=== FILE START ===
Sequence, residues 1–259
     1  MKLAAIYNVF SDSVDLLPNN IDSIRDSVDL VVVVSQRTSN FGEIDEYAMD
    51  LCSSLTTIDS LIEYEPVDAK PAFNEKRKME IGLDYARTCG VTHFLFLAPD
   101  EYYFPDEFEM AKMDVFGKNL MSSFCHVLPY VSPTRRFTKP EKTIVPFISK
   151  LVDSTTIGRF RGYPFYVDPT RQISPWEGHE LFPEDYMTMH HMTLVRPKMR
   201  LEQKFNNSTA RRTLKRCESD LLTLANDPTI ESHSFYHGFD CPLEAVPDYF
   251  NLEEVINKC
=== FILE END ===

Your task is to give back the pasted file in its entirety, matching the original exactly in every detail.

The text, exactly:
Sequence, residues 1–259
     1  MKLAAIYNVF SDSVDLLPNN IDSIRDSVDL VVVVSQRTSN FGEIDEYAMD
    51  LCSSLTTIDS LIEYEPVDAK PAFNEKRKME IGLDYARTCG VTHFLFLAPD
   101  EYYFPDEFEM AKMDVFGKNL MSSFCHVLPY VSPTRRFTKP EKTIVPFISK
   151  LVDSTTIGRF RGYPFYVDPT RQISPWEGHE LFPEDYMTMH HMTLVRPKMR
   201  LEQKFNNSTA RRTLKRCESD LLTLANDPTI ESHSFYHGFD CPLEAVPDYF
   251  NLEEVINKC